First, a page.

CURWOOD: So, without ever seeing these animals, one could identify them.
KERSHENBAUM: Yes, given enough recordings of the animals in a particular area, you would be able to identify which subspecies they are most similar to, just from the way that they use the different howl types.
CURWOOD: What about hybrids? To what extent can you use your technique to identify distinct populations or subspecies or incidents of interbreeding?
KERSHENBAUM: So the entire genus of canis is a bit of a genetic mismatch; most species can interbreed with each other, so it's really more one large species than a collection of separate species. Now, when we look at reintroduction programs for the red wolf, which was driven extinct in the wild in the middle of the last century in the southeastern United States. And they found that one of the major problems with this reintroduction was that the wolves were hybridizing with coyotes that had come in after the red wolf became extinct and essentially taken over their niche. When we looked at the howling behavior of red wolves --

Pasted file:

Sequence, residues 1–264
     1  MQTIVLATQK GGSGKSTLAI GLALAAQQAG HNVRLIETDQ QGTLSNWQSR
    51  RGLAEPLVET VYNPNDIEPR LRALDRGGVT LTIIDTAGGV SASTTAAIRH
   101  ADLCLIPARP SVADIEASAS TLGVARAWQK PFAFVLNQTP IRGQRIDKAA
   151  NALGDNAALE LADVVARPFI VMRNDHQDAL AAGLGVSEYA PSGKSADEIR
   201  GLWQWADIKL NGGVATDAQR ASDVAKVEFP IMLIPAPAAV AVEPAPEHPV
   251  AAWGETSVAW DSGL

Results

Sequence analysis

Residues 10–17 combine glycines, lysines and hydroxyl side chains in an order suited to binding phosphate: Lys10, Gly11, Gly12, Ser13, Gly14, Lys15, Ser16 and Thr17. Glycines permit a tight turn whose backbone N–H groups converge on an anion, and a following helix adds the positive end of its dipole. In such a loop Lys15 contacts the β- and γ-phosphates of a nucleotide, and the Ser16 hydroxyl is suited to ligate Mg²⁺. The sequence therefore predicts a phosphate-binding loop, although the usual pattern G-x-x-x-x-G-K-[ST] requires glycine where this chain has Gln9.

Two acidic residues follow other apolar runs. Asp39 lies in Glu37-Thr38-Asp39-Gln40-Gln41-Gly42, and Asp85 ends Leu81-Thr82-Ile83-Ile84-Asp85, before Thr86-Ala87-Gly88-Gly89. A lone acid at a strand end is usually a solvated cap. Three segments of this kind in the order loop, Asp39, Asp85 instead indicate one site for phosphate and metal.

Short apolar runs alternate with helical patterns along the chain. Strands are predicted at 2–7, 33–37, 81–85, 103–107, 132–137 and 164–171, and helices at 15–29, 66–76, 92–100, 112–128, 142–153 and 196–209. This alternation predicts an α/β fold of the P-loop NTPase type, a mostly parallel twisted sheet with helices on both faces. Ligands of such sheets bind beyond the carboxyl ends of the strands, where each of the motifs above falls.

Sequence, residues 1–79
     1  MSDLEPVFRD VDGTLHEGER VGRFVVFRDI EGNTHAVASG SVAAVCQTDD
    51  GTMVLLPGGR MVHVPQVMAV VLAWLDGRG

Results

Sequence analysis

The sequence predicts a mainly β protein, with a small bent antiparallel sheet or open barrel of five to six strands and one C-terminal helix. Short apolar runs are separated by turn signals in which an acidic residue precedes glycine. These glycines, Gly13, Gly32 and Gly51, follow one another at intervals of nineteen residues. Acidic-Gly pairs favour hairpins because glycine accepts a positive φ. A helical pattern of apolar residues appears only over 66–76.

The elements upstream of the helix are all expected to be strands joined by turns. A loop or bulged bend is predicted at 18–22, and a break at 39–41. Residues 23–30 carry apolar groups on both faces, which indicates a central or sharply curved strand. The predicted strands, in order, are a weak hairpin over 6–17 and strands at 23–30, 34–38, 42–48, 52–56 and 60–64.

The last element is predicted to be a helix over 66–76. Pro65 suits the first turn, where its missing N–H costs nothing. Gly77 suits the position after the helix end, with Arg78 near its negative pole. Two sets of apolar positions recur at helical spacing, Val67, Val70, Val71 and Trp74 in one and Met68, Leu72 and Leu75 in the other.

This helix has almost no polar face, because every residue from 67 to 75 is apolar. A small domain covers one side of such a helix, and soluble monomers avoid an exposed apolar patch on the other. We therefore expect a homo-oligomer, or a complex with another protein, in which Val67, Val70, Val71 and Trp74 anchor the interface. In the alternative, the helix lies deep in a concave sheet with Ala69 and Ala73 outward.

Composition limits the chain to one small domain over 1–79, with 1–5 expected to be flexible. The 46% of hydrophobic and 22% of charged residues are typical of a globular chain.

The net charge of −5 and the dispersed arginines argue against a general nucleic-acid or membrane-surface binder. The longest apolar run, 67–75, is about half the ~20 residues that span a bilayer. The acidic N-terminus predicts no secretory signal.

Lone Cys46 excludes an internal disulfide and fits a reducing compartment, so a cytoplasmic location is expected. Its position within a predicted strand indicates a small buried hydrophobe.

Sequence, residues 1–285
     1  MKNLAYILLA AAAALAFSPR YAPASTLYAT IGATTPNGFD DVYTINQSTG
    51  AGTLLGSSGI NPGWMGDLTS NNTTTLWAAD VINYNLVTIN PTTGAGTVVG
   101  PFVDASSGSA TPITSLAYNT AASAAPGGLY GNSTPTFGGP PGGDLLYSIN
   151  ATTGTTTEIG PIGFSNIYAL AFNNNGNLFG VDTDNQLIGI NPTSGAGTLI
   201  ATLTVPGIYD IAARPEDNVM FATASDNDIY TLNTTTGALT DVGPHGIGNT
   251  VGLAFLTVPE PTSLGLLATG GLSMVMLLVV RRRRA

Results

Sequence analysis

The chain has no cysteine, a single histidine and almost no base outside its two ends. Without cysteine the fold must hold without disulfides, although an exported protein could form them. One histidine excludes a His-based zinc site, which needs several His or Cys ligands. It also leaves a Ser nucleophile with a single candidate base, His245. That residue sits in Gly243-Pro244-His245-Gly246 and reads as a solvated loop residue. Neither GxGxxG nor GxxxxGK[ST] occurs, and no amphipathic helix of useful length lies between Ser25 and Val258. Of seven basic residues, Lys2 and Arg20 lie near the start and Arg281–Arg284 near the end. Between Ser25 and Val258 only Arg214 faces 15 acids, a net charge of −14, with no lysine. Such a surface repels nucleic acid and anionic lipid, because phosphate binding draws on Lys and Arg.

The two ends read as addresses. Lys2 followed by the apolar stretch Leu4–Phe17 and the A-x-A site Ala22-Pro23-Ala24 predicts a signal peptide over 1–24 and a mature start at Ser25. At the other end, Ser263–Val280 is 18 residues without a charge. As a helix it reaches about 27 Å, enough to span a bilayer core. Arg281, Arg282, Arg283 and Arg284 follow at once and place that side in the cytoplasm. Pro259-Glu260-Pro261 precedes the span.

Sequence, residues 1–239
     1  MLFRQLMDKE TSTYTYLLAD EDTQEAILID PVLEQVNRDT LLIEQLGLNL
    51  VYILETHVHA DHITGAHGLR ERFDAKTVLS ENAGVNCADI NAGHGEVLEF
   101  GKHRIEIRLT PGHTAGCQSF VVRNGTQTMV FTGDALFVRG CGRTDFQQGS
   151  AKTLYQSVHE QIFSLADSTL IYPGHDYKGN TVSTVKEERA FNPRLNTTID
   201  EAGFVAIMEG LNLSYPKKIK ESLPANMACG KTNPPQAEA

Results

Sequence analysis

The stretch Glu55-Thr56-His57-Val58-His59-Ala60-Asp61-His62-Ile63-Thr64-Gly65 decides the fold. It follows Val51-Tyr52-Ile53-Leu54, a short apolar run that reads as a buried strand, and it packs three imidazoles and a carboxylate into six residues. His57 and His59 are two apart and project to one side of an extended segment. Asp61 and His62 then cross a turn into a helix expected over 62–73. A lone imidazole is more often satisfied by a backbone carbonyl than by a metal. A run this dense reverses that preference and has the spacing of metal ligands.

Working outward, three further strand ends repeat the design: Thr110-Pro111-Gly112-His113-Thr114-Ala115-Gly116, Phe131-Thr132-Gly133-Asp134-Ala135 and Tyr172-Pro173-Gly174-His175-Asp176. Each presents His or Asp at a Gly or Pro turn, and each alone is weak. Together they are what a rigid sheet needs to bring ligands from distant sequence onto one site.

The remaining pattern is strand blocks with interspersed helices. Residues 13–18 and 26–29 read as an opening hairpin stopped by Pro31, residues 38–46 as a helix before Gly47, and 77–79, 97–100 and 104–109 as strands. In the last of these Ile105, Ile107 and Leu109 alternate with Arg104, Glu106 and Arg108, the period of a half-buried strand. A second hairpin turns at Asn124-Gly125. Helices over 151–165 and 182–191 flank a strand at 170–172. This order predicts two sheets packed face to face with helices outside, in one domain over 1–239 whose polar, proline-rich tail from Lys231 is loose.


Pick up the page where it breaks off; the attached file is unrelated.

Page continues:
[RED WOLF HOWLING]
KERSHENBAUM: ... and the howling behavior of coyotes —
KERSHENBAUM: … and also the howling behavior of the eastern timber wolf, which is a smaller subspecies of gray wolf that occupies the northeastern United States —
[EASTERN TIMBER WOLF HOWLING]
KERSHENBAUM: We found that the howl type fingerprint of the red wolf was intermediate between that of the northeastern wolf and the coyote. So there is some indication that the red wolf could have a genetic past that places it between those two species. And it could also mean that we could use some of these behavioral indicators to measure the degree of mixing of populations.
CURWOOD: So you’ve established that there are these wolf dialects. Where do you go from here?
KERSHENBAUM: Well, if we can use these kinds of techniques to identify different howls in different behavioral contexts, then we may be able to use the howling to develop techniques for reducing conflict between wild predators and humans, by playing back the appropriate howls. But in this case it would be extremely important to make sure that you play back a howl that says, don’t come near here, we’re a strong and aggressive pack, and not a howl that says, come over here, we’ve found some interesting food and we’re going to eat it.
CURWOOD: Arik Kershenbaum is a research fellow at the University of Cambridge’s Department of Zoology and lead author of the study, “Disentangling canid howls across multiple species and subspecies,” recently published in Behavioural Processes. Arik, thank you so much for taking the time with us today.
KERSHENBAUM: My pleasure.